We’re still trying to understand why 26-year-old Christopher Harper Mercer decided to open fire at Oregon’s Umpqua Community College on Thursday. There’s plenty of speculation and very little concrete evidence, so I’ll refrain from adding to the chaos. But one narrative that has been repeated in the media is that the killer was specifically targeting Christians.
The people who are perpetuating that narrative all point to stories like this one:
[Janet] Willis, who visited her granddaughter in the hospital, says [Anastasia] Boylan told her the shooter was asking students about their faith. “If they said they were Christian, he shot them in the head,” Willis says her granddaughter told her.
No one’s denying that story, as far as I can tell, but at least one news report is now offering a different interpretation of those incidents:
Rand McGowan was in the writing class where Mercer began his killing spree. As he tells the story, it’s true that victims were asked if they were religious… but not so they could be singled out for their faith. Rather, the question was almost a form of small talk so Mercer, who seemed to know he wouldn’t come out of this alive, could tell his victims whether he’d see them in the afterlife:
McGowan told family members that the gunman didn’t specifically target Christians but asked them about faith. The shooter, apparently planning to die during the massacre, told students: “I’ll see you soon” or “I’ll meet you soon.”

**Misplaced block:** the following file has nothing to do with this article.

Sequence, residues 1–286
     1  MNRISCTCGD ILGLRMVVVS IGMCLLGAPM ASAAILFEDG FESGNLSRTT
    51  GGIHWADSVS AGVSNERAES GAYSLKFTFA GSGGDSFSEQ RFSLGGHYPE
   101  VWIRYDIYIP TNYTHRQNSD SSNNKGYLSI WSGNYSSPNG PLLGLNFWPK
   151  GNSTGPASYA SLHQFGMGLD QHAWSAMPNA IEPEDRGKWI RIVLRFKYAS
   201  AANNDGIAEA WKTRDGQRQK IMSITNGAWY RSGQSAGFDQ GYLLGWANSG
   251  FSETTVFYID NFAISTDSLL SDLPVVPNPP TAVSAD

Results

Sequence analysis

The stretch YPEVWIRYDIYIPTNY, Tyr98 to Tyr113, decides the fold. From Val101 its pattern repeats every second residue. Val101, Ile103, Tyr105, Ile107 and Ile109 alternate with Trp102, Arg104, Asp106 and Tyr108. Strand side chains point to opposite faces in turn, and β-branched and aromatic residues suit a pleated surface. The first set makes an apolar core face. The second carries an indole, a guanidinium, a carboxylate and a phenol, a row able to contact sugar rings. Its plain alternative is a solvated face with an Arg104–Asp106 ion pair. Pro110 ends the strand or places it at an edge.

“The shooter would call a person: ‘You, stand up,'” Salas said, recalling what her son told her. “And then he would ask them if they were a Christian, knew God, or had religion. And it wasn’t like it was stated on TV. It wasn’t about that he was just trying to pinpoint Christians, no.”
The shooter would tell them it wouldn’t hurt.
“And then he would shoot them,” she said.
Still horrifying. Still tragic. But one more piece of evidence that this wasn’t an anti-Christian massacre. As far as we know, it wasn’t even an anti-religious massacre. Mercer killed people at random. He just appeared to have different parting words for them depending on how they answered the religion question.
By the way, if Mercer really said things like, “I’ll see you soon,” it also suggests he believed in the afterlife. Not really what you’d expect from an atheist.
Like Lauren said yesterday, a lot of people want to jump to conclusions that suit their narrative. But they’re not looking at all the evidence.
The more we learn, the less sense it makes to call this violence part of some war on Christianity.
(Image via Shutterstock. Thanks to Greg for the link)